Ducks are sometimes divided into two broad groups: Dabblers and Divers. A diving duck feeds well below the Lake’s surface, whereas a dabbling duck feeds from the surface of the Lake by merely dipping its head down.
The structure of the bodies of these two groups differs in ways that facilitate the way they feed. A diving duck has large paddle-like feet and small wings, a combination which caters to underwater swimming, but makes some other activities more difficult. The smaller wings make it harder for a diver to become airborne, and it uses its big feet to run across the water to gain the necessary speed to lift off. Also, the larger feet, set towards the back of the body, makes the diver somewhat clumsy on land. Divers eat aquatic insects, plants and mollusks.
Diving ducks which have been sighted around Kootenay Lake are: Canvasback, Redhead, Ring-necked Duck, Greater Scaup, Lesser Scaup, Common Goldeneye, Barrow's Goldeneye, Bufflehead, Hooded Merganser, Common Merganser, Red-breasted Merganser, Ruddy Duck.
Common Goldeneye, female The goldeneye repeatedly spread and shook its wings, as if to clear them of something. Kootenay Lake is on the southern end of this duck’s summer range and the northern end of its winter range and so can be seen here all year long.
Common Goldeneye, female  In this shot just before the goldeneye dived, one can see the webbed feet spread ready to propel the bird down.
The same bird as on the left, seen in profile.
While the bill of the female Common Goldeneye is dark in the summer, from about November to May, it gains a yellow patch. This view is early December.
A Barrow’s Goldeneye couple, the male has comma–shaped white patch in the lores. At this time of the year, the female has a mainly yellow bill with a dark tip.
Two male Barrow’s (forward) and a Common Goldeneye (back).
The male Common Goldeneye has a distinctive white oval on the cheek, and a black head.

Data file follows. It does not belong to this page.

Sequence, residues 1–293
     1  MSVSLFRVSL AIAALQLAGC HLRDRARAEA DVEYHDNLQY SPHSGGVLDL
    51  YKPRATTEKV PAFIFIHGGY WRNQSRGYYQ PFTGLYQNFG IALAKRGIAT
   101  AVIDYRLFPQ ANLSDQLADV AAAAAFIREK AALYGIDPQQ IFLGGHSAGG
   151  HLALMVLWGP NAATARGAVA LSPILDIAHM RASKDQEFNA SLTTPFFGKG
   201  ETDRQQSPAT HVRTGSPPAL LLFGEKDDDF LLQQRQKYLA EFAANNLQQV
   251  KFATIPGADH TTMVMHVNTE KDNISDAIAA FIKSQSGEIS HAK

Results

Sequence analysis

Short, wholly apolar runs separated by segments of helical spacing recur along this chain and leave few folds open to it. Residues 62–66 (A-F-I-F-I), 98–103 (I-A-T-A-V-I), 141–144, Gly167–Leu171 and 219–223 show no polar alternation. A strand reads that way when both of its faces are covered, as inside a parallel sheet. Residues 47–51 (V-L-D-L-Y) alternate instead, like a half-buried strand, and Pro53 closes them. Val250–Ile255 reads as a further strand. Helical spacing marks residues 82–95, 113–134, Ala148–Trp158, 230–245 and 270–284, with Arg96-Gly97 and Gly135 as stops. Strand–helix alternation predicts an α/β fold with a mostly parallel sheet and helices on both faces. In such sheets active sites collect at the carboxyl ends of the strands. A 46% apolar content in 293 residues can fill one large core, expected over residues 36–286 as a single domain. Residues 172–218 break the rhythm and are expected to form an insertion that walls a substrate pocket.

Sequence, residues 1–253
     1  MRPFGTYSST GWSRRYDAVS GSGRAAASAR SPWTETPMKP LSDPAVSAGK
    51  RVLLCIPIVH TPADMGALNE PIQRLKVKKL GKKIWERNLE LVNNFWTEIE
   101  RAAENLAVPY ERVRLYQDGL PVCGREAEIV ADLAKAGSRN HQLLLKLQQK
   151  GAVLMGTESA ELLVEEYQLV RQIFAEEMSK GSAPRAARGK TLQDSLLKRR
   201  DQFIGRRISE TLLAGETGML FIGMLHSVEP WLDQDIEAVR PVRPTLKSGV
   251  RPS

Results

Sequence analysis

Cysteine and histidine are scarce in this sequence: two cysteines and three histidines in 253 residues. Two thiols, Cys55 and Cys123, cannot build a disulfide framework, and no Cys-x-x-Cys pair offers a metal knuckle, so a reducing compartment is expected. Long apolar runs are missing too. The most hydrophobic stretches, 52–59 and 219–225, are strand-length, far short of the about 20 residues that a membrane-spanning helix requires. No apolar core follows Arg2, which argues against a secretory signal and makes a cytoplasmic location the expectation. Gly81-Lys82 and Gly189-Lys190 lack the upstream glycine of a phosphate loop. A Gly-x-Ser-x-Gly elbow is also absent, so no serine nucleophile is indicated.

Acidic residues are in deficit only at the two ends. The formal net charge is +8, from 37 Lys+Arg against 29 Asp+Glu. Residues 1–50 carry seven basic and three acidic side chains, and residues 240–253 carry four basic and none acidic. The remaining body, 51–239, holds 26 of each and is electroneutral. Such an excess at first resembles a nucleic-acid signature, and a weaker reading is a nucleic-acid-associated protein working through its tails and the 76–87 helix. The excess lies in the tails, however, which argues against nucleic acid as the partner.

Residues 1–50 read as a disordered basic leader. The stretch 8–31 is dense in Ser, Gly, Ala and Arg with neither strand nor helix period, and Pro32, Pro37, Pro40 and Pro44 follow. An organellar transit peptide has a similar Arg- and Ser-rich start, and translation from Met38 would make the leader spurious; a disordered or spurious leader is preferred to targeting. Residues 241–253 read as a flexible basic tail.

Common Goldeneye couple.
Barrow’s Goldeneye males have a white crescent, rather than the oval of the Common Goldeneye. The following male is a juvenile (first winter). The mature Barrow’s male is also distinguished from the Common by the extent of the white markings on the back. Barrow’s Goldeneye is found from the Rockies (summer) to the Coast (winter) and is mostly seen around Kootenay Lake in the fall as it moves from the one region to the other.
Two Barrow’s Goldeneye couples. The Barrow’s and Common Goldeneye females are not as easy to distinguish as are the males. But, the beak of the Common is mainly black while that of the Barrow’s is mainly yellow. The fact that the female differences are minor may account for the fact that hybrids can sometimes be seen.
Common Merganser, female. The bird lounging in this way as if on a settee, reminds me of Ingre’s 1814 oil painting, La Grande Odalisque.
Merganser chicks often hitch a ride on the back of mother—but there isn’t always room for all.
Nap time in the play school for merganser chicks.
Common Merganser, male
Female merganser scouring the depths for delectables.
Bufflehead Duck, male. This is the smallest duck on the Lake. Its head apparently reminded early observers of that of a buffalo; thus its name.
While the male Bufflehead Duck shows extensive white, the female only has an oval patch of white on the cheek. The Bufflehead is most common on the Lake during the colder months, having spent the breeding season farther north.
This Bufflehead Duck is diving.
The female Ring-necked Duck is a more beige version of the male (below). She has a white eye ring.
While the male Ring-necked Duck is more easily identified by the ring around the base of the beak than around the neck; this picture does show the faint redish ring around the neck that gives the duck its name.
Two female Greater Scaups on the left and one male on the right. The female shows more brown and extensive white on the face.
Dozens of Greater Scaups and a lone Redhead Duck are visiting the Lake in the wintertime.
Greater Scaups land on the lake: male on the left; females on the right.
A female Greater Scaup touches down on the Lake.
Diving ducks (these are Buffleheads) have small wings making it difficult to become airborne. They must run across the water to pick up speed.
One only sees the male Hooded Merganser with his hood up during mating season.
The female Hooded Merganser can be quite plain.
The female with her hood raised is striking.
A hood couple takes to the air.
This is an uncommon sighting around here:, a Red–breasted Merganser female which was seen near Taghum in December.